6. What I find interesting is that the last few days have prepared me precisely for this message. I wrote a piece of short fiction in which the primary antagonist was a personification of will to live. The protagonist had just done something he regretted and didn’t want to go on. The entire piece was written to examine that emotion of regret, and moving beyond it.

    Following that work, I just finished reading A Christmas Carol for the first time (I know, for shame!) and was completely impressed by how Dickens demonstrates the changes in Scrooge over the tiniest moments.

    This message is perfect, and something I continue to try to improve with time.

  7. Yes! Larry, I can’t tell you how thrilled I am to hear you’re doing a deconstruction of The Help. I recently finished the book (short review on my nonfiction site here: http://writingwonder.wordpress.com/2011/04/20/the-help-by-kathryn-stockett-a-review/), and was astounded at how satisfied I was with the story. Not that I didn’t expect to be, I just hadn’t read such a compelling story that showed us the characters so well in such a long time.

    The Help is Proof (in my mind at least) that something does not need to blow up on the first page in order for the story to be worthy of a read – yes, I am somewhat irritated by the “professionals” who tell us that. The Help is exactly what I would like to give readers myself – a suspenseful journey by showing how involved, and how passionate, each and every character about their story.

    Thanks so much for yet another great post, and I look forward to this deconstruction!

  8. Kelly

    Hello, Larry. Kelly here.
    Would you consider the POV technique of “deep” POV or tight third to be the essence of this kind of characterization?
    From what you describe– the feelings and reactions related to the character’s experience are what pulls in the reader.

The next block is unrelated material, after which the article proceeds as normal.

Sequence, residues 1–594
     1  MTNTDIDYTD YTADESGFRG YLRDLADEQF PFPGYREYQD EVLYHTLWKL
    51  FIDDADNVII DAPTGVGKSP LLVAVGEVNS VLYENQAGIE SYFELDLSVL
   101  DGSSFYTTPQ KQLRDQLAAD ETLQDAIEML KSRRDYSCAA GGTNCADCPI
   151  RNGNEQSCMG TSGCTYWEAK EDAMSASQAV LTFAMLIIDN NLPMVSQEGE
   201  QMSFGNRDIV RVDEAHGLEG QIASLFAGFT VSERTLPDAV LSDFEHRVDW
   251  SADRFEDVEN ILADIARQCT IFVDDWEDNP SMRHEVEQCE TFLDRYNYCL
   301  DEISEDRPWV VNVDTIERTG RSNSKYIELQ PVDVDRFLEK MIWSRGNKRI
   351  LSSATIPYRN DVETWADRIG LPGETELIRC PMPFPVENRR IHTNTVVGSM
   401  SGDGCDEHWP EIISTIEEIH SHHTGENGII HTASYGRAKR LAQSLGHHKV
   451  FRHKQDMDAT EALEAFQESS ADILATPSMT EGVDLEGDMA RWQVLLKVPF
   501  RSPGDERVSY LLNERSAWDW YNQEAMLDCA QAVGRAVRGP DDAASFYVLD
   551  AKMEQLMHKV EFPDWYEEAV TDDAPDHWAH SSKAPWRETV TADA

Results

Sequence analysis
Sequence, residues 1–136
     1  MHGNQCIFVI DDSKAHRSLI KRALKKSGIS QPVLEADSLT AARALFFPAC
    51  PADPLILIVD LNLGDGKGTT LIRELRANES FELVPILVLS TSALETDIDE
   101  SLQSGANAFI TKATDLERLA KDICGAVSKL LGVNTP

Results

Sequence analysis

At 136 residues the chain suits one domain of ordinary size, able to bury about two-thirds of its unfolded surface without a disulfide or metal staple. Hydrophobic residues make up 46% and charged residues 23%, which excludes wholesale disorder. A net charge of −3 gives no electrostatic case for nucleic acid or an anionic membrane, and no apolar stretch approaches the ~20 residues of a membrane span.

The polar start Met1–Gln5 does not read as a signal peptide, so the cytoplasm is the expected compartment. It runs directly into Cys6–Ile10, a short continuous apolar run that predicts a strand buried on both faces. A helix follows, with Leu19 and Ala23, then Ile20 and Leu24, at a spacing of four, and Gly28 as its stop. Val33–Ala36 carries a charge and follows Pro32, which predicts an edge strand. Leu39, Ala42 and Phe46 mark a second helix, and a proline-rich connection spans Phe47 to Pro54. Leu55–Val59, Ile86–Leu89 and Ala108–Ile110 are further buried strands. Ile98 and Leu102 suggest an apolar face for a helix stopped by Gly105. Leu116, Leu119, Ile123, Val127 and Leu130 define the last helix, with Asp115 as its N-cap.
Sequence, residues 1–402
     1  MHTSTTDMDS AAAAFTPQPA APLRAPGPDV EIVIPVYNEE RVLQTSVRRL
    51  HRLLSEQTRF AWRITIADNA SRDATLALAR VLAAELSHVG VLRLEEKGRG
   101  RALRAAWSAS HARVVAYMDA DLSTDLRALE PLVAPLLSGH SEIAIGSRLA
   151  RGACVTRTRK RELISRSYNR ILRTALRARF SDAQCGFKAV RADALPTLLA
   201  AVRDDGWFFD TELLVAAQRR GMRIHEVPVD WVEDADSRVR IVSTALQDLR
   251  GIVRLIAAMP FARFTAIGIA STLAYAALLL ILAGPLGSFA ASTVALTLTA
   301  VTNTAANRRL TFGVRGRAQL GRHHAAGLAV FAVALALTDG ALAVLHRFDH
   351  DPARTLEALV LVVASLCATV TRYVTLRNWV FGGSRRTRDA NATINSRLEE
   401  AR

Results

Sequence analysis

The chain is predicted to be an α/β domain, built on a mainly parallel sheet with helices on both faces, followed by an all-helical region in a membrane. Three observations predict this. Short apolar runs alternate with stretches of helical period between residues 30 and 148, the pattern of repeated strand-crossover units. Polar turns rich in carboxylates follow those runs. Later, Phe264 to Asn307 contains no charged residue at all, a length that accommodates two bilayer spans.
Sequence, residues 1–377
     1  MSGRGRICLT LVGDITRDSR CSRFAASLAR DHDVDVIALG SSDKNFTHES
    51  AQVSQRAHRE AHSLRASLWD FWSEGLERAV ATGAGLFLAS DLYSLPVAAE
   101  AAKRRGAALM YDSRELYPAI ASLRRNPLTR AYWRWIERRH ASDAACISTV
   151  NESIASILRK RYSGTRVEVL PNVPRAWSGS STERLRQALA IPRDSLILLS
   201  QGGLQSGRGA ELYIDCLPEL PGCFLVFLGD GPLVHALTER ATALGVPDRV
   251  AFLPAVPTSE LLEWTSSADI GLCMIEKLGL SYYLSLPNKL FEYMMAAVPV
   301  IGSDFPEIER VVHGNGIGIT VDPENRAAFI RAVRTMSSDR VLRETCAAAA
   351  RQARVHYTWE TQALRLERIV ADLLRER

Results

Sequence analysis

As I look at my bookshelf, I see many books that fit this technique. Harlan Coben is one.
    I’m off to check for “The Help” on Kindle.
    I’ll look for your deconstruction in the summer.
    Cheers, Kelly

  9. @Kelly – great question. I think either can work (1st or deep 3rd), but I think first is more fertile and perhaps easier to access. Seems like when a character’s lens is clear to the extent we’re discussing here, it’s usually first. But I have seen it in third, and it’s pretty impressive when it happens. Sometimes a draft that isn’t working gets new life when the author switches from one to the other, too. L.

    @Deanna — “blowing stuff up” early is, I think, as much a function of genre as anything else. Going big early is the common thread of books that seems to have the best shot, and “going big” aligns with the genre at hand. If it’s a thriller, a Big Thrill early (an explosion? “_”) can work. If it’s a love story, a major hormone surge or heartbreak early works. If it’s a character driven story, like “The Help,” then massive character genius early — this is certainly what Stockett delivers — is the ticket.

    Not that books that “ease” into their pace and voice can’t work, either. But that’s a tougher hook, I think, and the reader’s emotions aren’t as quickly involved. The story may end up being and intense reading experience, but we risk the reader not getting it if they don’t get it early. Especially these days, with reader attention spans so short and fickle. Thanks for contributing, Deanna, always good to have you here. L.

  10. THE HUNGER GAMES is in third person, and it’s strange — it doesn’t have overt emotion, but her very numbness makes sense in a PTSD sort of way. Her lack of reaction speaks volumes about her self-protective traits and brutal pragmatism. It kind of reminded me of the creepy “this can’t be good” vibe of Shirley Jackson’s THE LOTTERY. Lot to think about in this post. Thanks!